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What is a good way to prioritize ideas?

Shortlisting valuable ideas quickly and easily is one of the benefits that make a good idea collection tool a must-have for modern businesses. Use multiple customizable rating systems to identify which ideas make it through to implementation and which are archived in the idea bank for later. You can adjust the weight or each of your custom rating criteria to pinpoint the exact business value of ideas based on the goals of your idea collection.

The next step is to actually do something with all those great ideas you have! This is where we’ll help you get started. We created an online Idea Collection Tool, so you can start collecting your ideas right away. It only takes 5 minutes to create an account and start building your idea collection, and if you don't want to use our website just download our app from Google Play or Apple App Store. Once you're ready to take action on your ideas, simply log into your Idea Collection Tool and follow the prompts to build your first idea list.

In the past, I would have said that the best way to prioritize was by “importance”. But this isn’t as helpful as it sounds. For example, what does important mean when talking about customer service? Do you consider a feature more important than a bug fix? Or how about features vs bugs? What about new features vs maintenance? How do you rank them?

There are many different ways to collect ideas. Some people prefer to write everything down on paper while others find it easier to type their thoughts onto a digital device like a smartphone. Whichever method works best for you, it's important to keep track of your ideas so they can be used effectively once the project starts. If you're using a notebook or notepad, make sure to jot down any relevant details, such as who suggested the idea, when it was suggested, and why it might work well for your company.

If you ask me, there’s no better way to brainstorm ideas than by doing it together with other people. The collective brain power of the group will come up with some amazing solutions that wouldn’t be possible otherwise. And since everybody has their own unique perspective, you’re bound to see things from a fresh angle that nobody else could think of.

I also recommend that you start thinking about the future implications of each idea. When you’ve identified a few ideas that seem promising, try to imagine what impact these changes will have on your customers. Will it improve their experience? Reduce costs? Make life easier for employees? By considering the consequences of your ideas, you’ll gain invaluable insights on their impact.

What are some of the standard ways to evaluate ideas?

Rating scales like ICE (Impact, Confidence, Ease), PESTLE (Political, Economic, Social, Technological, Legal, Environmental) and SWOT (Strengths, Weaknesses, Opportunities, Threats) are very common tools for evaluating ideas. There are tons of other rating systems out there too, but these are probably the most popular ones.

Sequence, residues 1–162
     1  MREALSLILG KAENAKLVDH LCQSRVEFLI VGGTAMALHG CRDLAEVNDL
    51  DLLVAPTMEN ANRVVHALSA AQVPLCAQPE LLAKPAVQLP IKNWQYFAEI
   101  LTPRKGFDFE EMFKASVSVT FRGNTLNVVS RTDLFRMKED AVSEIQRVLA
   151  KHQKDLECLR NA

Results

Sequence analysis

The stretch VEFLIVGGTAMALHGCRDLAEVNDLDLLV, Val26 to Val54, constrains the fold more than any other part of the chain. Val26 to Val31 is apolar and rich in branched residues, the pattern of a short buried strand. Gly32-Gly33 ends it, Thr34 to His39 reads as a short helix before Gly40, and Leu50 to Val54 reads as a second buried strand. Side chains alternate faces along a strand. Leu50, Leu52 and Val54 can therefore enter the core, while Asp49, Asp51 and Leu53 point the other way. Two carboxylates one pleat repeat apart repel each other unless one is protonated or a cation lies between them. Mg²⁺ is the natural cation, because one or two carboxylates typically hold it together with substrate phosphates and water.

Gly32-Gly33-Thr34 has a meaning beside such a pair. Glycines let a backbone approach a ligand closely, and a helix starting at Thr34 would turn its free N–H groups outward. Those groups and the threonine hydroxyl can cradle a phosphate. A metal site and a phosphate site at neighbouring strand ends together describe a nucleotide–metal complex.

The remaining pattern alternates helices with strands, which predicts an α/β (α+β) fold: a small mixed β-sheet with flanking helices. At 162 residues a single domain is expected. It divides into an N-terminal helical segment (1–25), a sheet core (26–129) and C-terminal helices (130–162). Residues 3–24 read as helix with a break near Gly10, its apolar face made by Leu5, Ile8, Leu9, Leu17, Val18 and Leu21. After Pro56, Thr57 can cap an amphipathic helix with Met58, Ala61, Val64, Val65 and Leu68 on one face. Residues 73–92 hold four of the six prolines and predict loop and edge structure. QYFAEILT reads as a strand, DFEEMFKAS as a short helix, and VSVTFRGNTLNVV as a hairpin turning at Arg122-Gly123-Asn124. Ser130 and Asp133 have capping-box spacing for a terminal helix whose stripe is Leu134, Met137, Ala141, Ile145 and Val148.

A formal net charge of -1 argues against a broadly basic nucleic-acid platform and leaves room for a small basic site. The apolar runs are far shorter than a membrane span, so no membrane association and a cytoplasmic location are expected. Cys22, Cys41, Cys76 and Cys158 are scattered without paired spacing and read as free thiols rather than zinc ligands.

How do you rate ideas?

It’s easy to fall into the trap of thinking that every idea needs to be rated. After all, if you knew for certain that your idea was going to fail, then why bother trying at all? However, you shouldn’t feel pressured to rate every single idea that comes across your desk. Instead, focus on the ideas that seem the most promising.

To begin, pick two or three of the ideas that interest you the most. Then, select the criteria that will be useful in determining whether to implement these ideas. For instance, if you were developing an ecommerce platform, you might choose "market interest" and "customer satisfaction" as the criteria for your rating system. Next, rate each idea according to its effectiveness against each criterion.

With an Idea Management platform like Ideanote, you can use multiple customizable rating systems to prioritize and sort your ideas. This allows you to quickly narrow down your list of ideas, while still being able to get a clear picture of their relative value.

Once you've narrowed down your list of ideas to just a handful, it's time to prioritize them. In this step, you'll want to consider how much effort each idea requires, the potential return on investment, and the likelihood of success. To help you decide which ideas should go forward you can sort all ideas by their average rating.

To make life easier for you you can ask other people to help you evaluate ideas on a fair and neutral basis. If you're working with a team, simply assign each person a different category to rank ideas in. Or, you can let everyone vote on ideas individually. This approach works best when you have a mix of experienced and inexperienced members on your team. 

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